California history is rich with the stories of men and women arriving in busy ports on the coast or crossing the mountains on overland travels from the east by train or Conestoga wagon during the 19th Century. California became part of the territory of the United States in 1848, and on September 9, 1850, was admitted to the union as a state. San Luis Obispo County was designated as one of the original 27 counties in February 1850 in preparation for statehood. The California gold rush brought over 300,000 people to the state from all over the world. Many began to migrate south to find a pleasant place to settle and establish a farm or a craft. The Homestead Act of 1862 allowed any American over 21 to put in a claim for up to 160 free acres of surveyed federal land, provided the applicant never took up arms against the US government. The purpose of the Act was to encourage settlement in the Western United States. By the end of the Civil War, at least 15,000 homestead claims had been applied for and established, with many more in the post-war years. Claimants were required to build a dwelling and cultivate the land with agriculture or animal herds. Even earlier, Congress passed a law in 1820 with provisions for the sale of public lands.
Jacob B. Granstaff was one of the earliest settlers in the area to build a home, plant vegetable gardens, apple orchards, and establish a vegetable stand. Located 12 miles west of Templeton and just seven miles from the Pacific Ocean, the area sits at a 1500 feet elevation and receives significantly more rainfall than other areas of San Luis Obispo County.
Jacob’s Homestead Certificate of Registration, 4792, was signed by President Ulysses S. Grant on December 15, 1875. The document states that Jacob B. Grandstaff of San Luis Obispo County, California has deposited in the General Land Office of the United States a Certificate of the Register of the Land Office at San Francisco whereby it appears that full payment has been made by said Jacob B. Grandstaff according to the provisions of the Act of Congress of the 24th of April 1820, entitled “An Act making further provision for the sale of the Public Lands” for the Lot numbered three of Section thirty-two, the Lots numbered four and five and the North West quarter of the North East quarter of Section thirty-one in the township twenty-seven south of Rounge eleven East-Mount Diablo Meridian in the District of Lands subject to sale at San Francisco containing one hundred and twelve acres and seventy eight hundredth of an acre.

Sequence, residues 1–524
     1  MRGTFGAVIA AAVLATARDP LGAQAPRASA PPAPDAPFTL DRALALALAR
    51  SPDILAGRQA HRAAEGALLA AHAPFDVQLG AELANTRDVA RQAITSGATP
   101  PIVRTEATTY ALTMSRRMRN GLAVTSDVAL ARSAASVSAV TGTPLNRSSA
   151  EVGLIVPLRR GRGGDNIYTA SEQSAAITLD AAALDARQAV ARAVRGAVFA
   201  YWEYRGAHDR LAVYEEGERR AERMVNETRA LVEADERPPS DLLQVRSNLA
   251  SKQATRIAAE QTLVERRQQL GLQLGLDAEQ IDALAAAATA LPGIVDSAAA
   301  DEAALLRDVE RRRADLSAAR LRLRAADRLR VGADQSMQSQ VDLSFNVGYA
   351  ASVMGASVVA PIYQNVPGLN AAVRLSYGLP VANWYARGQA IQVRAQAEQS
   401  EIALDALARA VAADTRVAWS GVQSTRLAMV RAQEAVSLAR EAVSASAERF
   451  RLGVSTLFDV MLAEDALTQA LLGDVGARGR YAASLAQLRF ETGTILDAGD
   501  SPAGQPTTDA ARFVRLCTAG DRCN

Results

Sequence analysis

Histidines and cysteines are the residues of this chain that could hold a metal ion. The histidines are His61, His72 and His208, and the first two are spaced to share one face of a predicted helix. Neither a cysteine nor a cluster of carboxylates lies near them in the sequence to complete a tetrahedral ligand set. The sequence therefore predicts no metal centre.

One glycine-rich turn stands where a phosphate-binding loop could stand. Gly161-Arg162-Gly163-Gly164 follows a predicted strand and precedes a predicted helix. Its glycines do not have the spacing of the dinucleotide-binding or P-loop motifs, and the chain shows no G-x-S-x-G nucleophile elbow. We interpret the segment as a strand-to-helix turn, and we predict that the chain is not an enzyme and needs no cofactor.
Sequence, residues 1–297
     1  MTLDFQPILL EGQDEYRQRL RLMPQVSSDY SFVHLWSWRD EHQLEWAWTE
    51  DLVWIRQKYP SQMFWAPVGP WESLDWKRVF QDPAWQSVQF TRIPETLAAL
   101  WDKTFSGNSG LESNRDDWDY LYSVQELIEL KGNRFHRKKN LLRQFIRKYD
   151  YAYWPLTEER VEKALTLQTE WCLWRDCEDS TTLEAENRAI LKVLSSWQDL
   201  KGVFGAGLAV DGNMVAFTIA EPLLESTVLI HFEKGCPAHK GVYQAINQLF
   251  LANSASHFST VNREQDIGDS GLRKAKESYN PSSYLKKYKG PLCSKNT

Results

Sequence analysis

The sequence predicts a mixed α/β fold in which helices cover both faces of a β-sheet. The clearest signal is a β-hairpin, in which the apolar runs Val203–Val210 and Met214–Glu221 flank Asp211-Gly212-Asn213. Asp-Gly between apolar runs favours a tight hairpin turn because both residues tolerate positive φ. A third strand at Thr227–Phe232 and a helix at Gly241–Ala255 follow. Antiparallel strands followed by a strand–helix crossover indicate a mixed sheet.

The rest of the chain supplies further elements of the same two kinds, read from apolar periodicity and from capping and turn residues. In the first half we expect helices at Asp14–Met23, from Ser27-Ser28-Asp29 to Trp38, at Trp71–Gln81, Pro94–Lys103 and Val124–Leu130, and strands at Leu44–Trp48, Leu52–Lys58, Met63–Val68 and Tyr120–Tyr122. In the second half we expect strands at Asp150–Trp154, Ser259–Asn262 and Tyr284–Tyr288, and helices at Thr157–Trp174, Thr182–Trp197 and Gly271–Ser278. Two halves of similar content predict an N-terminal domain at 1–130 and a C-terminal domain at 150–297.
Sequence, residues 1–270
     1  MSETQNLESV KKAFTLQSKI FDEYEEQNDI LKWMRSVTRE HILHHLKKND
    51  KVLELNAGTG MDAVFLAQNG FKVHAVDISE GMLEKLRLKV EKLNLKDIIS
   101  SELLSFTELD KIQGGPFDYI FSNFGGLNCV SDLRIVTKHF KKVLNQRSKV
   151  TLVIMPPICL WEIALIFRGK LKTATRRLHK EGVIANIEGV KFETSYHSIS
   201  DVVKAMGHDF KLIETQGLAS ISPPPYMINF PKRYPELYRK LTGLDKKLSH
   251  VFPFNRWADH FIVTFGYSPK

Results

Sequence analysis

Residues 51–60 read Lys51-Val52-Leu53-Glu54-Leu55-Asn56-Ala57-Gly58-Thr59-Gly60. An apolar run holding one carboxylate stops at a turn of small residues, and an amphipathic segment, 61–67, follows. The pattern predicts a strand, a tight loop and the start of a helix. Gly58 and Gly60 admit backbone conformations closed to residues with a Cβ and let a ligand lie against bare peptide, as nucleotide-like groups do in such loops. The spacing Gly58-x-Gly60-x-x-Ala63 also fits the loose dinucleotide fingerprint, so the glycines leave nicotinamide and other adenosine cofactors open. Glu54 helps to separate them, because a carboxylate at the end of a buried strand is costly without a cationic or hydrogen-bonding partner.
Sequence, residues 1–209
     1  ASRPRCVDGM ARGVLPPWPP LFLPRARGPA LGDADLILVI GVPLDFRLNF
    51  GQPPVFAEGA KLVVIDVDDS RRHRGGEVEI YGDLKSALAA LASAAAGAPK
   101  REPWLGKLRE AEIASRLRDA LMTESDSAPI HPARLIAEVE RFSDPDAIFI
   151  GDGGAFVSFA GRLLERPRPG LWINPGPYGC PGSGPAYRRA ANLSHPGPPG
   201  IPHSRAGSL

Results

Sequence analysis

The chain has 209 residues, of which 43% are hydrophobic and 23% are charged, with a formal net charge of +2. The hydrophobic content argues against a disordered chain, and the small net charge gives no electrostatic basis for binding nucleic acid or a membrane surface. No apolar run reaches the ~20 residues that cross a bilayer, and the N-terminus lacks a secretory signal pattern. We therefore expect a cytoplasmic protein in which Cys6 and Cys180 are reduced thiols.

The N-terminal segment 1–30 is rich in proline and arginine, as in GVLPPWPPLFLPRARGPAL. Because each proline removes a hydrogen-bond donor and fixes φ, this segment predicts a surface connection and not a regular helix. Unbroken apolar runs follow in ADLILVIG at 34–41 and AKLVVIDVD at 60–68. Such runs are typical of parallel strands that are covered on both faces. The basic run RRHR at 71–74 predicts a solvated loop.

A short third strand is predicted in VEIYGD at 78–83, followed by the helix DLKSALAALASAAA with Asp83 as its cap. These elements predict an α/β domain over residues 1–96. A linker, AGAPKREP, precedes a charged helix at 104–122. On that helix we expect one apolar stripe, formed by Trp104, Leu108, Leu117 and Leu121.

The property was located on the eastern slopes of the Santa Lucia Mountains, covered in trees, rolling hills and deep canyons. A trail nearby was frequently used by travelers to move cargo from the Paso Robles and San Miguel areas down to the coastal trails and ports between Cayucos and Cambria.
Jacob’s farm was located in the Ascension District, named and recognized as a county school district. Jacob Grandstaff was well-known for his produce and his Mission grapes. Jacob B. Grandstaff is historically important because he is the first person we can document, to plant a vineyard with Mission grapevines in the Ascension District. There is no record that Jacob made wine to sell commercially. It was common practice for families to grow enough grapes to make their own supply of wine. Jacob did have a business; he grew fruit to sell to travelers passing by at his stand, according to correspondence from Sidney York, whose grandfather Andrew York purchased the property from Jacob. Jacob sold apples and may have sold the grapes as fruit for others to buy and enjoy. Jacob was very active in the community, focusing on education. He served at the Superintendent of the Ascension School from 1879 to 1880 and as a Trustee in 1883.
The area was renamed York Mountain, in later years, after Jacob B. Grandstaff sold his property to a farmer named Andrew York in 1882. Jacob felt there were too many newcomers settling in the area, so he decided to move on, to farm in Texas. Although Jacob established this important landmark, it was Andrew York, grower and wine maker, who planted vineyards with additional varietals and built a winery that produced wines continually until the winery’s sale in 1970 to the famous enologist and winemaker Max Goldman. The name York Mountain celebrates three generations of the York family; the family owned winery and vineyards was in business for 85 years. This is the longest run to date of any family-owned winery in San Luis Obispo County.
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